A well regulated militia being necessary to the security of a free State, the right of the people to keep and bear arms shall not be infringed
— US Constitution: Second Amendment (Bill of Rights)
The recent tragedy in Colorado, where a madcap PhD student opened unprovoked fire at a crowd of movie-watchers in Aurora, killing 12, has shocked the nation. (The last such ghastly incident was in April 2007 at the Virginia Tech state university when a mentally unstable student of South Korean origin went on a rampage, killing 32 people) The incident has reopened the traditional debate on the perils of a liberal gun law.
The US is notorious for having a string of generous legislations that facilitate easy buying of firearms by anyone, even one who has a psychological illness. The Second Amendment, which incorporates the Bill of Rights, guarantees citizens the right to possess firearms. All courts, including the US Supreme Court, have repeatedly held that the right is not merely of the State, but of the individual citizen as well, dispelling all doubts about whether the Founding Fathers had only public authorities in mind while referring to a ‘militia’.
They have also uniformly taken the position that there cannot be total abrogation of the right, and that, at best, the executive could impose a few reasonable restrictions, like a background check for a concealed criminal record with a mandatory waiting period for clearance and the state of mental health of the prospective gun buyer. Otherwise, it is as good as a free-for-all, something that intimidates visitors from other countries where there are severe regulations pertaining to buying and owning a firearm.
While the powerful and influential National Rifle Association in the US jealously guards the right of citizens to freely own and carry firearms (concealed in transit and from open public display in normal times) across the country, those who are opposed to this laxity have been carrying on a relentless campaign for more restrictions.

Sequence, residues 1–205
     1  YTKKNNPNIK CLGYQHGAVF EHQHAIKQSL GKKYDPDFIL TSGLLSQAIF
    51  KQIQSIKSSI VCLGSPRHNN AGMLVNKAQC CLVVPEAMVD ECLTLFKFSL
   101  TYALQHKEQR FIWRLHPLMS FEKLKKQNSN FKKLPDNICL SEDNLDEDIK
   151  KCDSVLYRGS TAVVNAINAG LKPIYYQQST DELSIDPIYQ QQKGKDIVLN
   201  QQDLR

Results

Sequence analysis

The NRA’s influence can be gauged from the facts that presidential aspirant Mitt Romney has resiled from his earlier stance as governor in favour of heavily restricted gun rights, and President Obama has discreetly evaded the issue, despite his known abhorrence of firearms in private hands.
The general feeling in the US is that the anti-gun lobby is fast losing ground. The factor that weighs heavily against them is the marked drop in overall crime in the country, although murders using firearms remain high at more than 60% of all homicides. The pro-gun lobby says such tragedies are the product of a sick mind rather than one resulting from free availability of guns. They say more guns in the market do not readily mean more crime, a stand that is buttressed by a nationwide downward trend in violent crime (homicides dropped by more than 5% during the first few months of 2011).
This is no doubt a deceptive argument, because it is nobody’s case that every citizen who possesses a gun misuses it. It is the sheer inability of public authorities to identify and take care of the mentally imbalanced and deny them any opportunity to obtain weapons that is the core of the problem.
The Virginia Tech assassin, Seung-Hui Cho, managed to secure two handguns despite having known psychiatric problems. Holmes, the Aurora offender, is said to have possessed three firearms. He has a known history of depression during the past few years when, from a brilliant academic, he turned into a recluse and a drop-out.
To cap it all, he admitted to have booby-trapped his residence, an act that clearly smacks of a badly deranged mind.
Despite the bravado of US policymakers that occurrences like Virginia Tech and Aurora cannot be attributed to loose gun regulation, there is a lurking fear in most American minds that free availability of guns is dangerous to the average peace-loving citizen. When you walk the US streets, you will have to presume that a stalker or anyone who confronts you has a weapon on his person. This is the psyche that persuades many law enforcement personnel to open fire in a jiffy at an individual, however mildly the latter may challenge the former’s authority.
We in India are far better off. The absence of guns explains why there are fewer murders, if one takes into account the fact that we are no less a violent nation than the US. We have nearly as many attempts to murder as there are murders only because the victim invariably escapes with serious injuries caused by weapons other than firearms.
There are no trends as yet that the phenomenon of unlicensed weapons is escalating in our country. A restrictive and honestly-implemented licencing policy has worked well. But for how long, few of us know. The corruption that permeates administration should not be allowed to percolate down to the routine that attends grant of gun licences.
If this is not taken seriously we are in for trouble soon, especially because there is no accurate study on the availability of unlicensed crude guns in some parts of the country, like UP and Bihar.
The writer is a former CBI director